Dr Henry Disney (Department of Zoology) has been fascinated by insects since he was four years old. His career has taken him all over the world. Despite losing 75% of his sight in 2012, Disney walks every day to his lab, where use of the latest imaging and magnifying technology enables him to continue his research. Below, Disney answers questions about the tiny insects that can, during summer months, turn a camping holiday on the beautiful west coast of Scotland into a nightmare.

What are midges?

Midges are classified as Diptera – which comes from the Greek for two wings. Diptera fall into three main groups: higher flies, middle flies and lower flies. Midges, like mosquitoes, fall into the lower group, which are the most ancient. They are typified by long antennae which have many segments. Some Diptera are enormously important as a threat to human health: they include many species in which the females suck blood and, in many parts of the world, transmit diseases such as yellow fever and malaria.

What is the life cycle of a midge?

The speed at which midges reproduce is temperature dependent. In the UK, you might get two or three generations a year. In the hot and steamy environment of Cameroon, where I’ve worked as a medical entomologist, you might see a new generation emerging every three weeks. Adult females lay their eggs in the water or on the margins of water. The eggs hatch into free-living larvae which go through several moults before they pupate. The adult emerges and sits on its empty case for a moment to open its wings before buzzing off.

When are midges most visible?

Midges are easiest to spot when groups of them dance in mid-air. What you’re seeing are the males saying to the females: here we are, where are you? They give off a signal that’s partly smell and partly sound. If you watch really carefully, you might see a pair of midges dropping out of the group to mate. Midges swarm near an object such as a branch which gives them a point of reference. Sometimes they gather in such numbers that they make huge towers. So many midges once swarmed on Salisbury Cathedral that the fire brigade was called; it looked as if the spire was swathed in smoke.

How many species of midge are there?

In the UK, alone there are more than 500 species of non-biting midges and more than 150 species of biting midges. Identification of the species is primarily based on details of the male genitalia examined under a microscope. Increasingly this is supplemented by the use of DNA ‘barcodes’.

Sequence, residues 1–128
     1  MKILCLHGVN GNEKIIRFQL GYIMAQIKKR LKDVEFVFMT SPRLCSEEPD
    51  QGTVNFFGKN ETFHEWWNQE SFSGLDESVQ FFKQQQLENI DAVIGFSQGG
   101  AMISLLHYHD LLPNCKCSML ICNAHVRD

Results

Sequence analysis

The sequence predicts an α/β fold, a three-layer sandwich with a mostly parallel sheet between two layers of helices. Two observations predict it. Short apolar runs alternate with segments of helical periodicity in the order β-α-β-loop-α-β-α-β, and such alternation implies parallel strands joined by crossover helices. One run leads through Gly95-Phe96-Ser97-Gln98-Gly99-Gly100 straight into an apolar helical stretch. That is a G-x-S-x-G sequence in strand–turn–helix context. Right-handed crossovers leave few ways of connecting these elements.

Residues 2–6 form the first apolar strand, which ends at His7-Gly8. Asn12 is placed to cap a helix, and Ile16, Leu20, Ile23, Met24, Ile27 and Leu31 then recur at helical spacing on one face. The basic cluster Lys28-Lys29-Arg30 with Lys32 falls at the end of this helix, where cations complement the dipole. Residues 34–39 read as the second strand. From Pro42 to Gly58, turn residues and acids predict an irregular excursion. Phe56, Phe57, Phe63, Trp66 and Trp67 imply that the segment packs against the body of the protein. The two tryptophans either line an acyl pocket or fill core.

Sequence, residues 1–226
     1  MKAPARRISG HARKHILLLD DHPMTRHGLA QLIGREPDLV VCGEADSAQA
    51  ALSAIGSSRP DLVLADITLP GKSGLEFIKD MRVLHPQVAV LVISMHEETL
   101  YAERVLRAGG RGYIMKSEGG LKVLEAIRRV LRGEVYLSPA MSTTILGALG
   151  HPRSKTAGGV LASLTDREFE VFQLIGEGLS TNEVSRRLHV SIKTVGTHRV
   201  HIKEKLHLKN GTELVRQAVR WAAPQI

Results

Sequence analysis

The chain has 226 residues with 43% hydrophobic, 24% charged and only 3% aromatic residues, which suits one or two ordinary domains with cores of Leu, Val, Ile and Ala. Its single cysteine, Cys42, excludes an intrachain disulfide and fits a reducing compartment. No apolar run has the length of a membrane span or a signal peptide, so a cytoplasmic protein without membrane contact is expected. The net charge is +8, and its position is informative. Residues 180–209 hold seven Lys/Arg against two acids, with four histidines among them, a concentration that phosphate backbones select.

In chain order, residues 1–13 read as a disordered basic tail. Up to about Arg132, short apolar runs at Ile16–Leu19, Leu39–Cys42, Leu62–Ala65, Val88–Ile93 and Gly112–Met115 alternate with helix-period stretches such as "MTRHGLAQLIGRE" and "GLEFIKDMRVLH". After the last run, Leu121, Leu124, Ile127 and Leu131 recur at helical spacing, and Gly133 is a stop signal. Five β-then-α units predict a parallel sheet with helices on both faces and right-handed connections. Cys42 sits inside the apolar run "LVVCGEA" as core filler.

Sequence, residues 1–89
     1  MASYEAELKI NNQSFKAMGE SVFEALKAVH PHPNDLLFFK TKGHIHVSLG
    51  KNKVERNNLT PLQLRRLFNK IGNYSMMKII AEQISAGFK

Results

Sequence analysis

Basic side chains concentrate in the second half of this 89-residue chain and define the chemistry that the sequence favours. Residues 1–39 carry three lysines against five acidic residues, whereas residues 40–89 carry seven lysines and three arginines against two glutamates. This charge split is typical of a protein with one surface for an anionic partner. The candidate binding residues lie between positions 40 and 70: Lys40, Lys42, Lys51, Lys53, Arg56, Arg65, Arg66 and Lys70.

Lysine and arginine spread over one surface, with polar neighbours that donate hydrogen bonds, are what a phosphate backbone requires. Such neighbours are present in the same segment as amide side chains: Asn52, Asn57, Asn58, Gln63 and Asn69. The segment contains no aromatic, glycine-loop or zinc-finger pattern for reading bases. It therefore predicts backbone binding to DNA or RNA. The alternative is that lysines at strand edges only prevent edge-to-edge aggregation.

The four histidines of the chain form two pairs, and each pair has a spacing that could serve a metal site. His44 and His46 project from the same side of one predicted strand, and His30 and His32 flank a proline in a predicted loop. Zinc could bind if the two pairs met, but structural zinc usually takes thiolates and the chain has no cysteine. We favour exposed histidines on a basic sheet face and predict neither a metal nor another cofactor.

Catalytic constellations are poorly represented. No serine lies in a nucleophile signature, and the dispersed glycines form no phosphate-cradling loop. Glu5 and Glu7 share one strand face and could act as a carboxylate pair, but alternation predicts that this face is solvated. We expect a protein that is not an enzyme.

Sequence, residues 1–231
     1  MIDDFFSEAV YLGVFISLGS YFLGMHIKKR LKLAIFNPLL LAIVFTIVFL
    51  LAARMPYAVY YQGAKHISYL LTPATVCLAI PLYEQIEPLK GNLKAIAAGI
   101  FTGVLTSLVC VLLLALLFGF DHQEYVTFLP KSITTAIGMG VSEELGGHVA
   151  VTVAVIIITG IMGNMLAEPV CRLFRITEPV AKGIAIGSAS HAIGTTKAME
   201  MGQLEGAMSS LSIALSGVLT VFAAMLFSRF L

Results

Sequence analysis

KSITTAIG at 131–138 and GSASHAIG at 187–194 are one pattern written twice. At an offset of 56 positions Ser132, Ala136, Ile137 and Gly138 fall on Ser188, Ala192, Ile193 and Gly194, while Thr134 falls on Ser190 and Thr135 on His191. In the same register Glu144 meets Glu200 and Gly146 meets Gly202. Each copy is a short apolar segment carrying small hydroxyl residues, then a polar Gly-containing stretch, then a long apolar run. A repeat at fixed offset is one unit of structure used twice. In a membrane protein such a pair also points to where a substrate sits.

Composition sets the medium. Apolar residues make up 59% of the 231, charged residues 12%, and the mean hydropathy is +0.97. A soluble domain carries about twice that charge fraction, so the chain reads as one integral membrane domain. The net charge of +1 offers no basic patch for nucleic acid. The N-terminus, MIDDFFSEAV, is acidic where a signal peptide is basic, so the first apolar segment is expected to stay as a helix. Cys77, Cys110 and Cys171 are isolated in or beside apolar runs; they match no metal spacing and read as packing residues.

Why do midges bite?

Only the females bite. They need a protein-rich meal of fresh blood in order to mature their eggs. Both the males and the females rely on sugar meals for energy for flight but the females need more than this to ensure the next generation. Female midges feed on the blood of birds as well as mammals. Each species has its own preferred choice of host.

What is the midge’s place in the ecosystem?

Meniscus midges live at the point where air and water meet – a zone known as the surface film. It’s a habitat that supports a whole community of plants and animals, many of them still unexplored. Some minute organisms spend their lives within the surface film; others, like meniscus midges, spend their larval lives feeding on it.

The boundary where air and water connect is rich in resources. The larvae of non-biting midges feed on algae and bacteria, filtering micro-organisms out of the water, but some are predators. The larvae of phantom midges live in the open water and prey on water fleas and small larvae. Adult midges are eaten by all kinds of things — from spiders to swallows. The larvae are eaten by fish, dragonfly larvae, water beetles and other predators.

What can midges tell us about the environment?

The apparent boundary between air and water of ponds and other bodies of water is masked by a layer of lipoprotein leached from organic materials. Within this ‘membrane’ live all kinds of microorganisms – bacteria and so on. Some of it drops in from above and some of it rises up from below. Hundreds of species depend on the ‘membrane’ for food as well as on the prey that inhabits it. Changes to the structure and content of this membrane will affect all these species.

See also:  Understanding Shingles - the Basics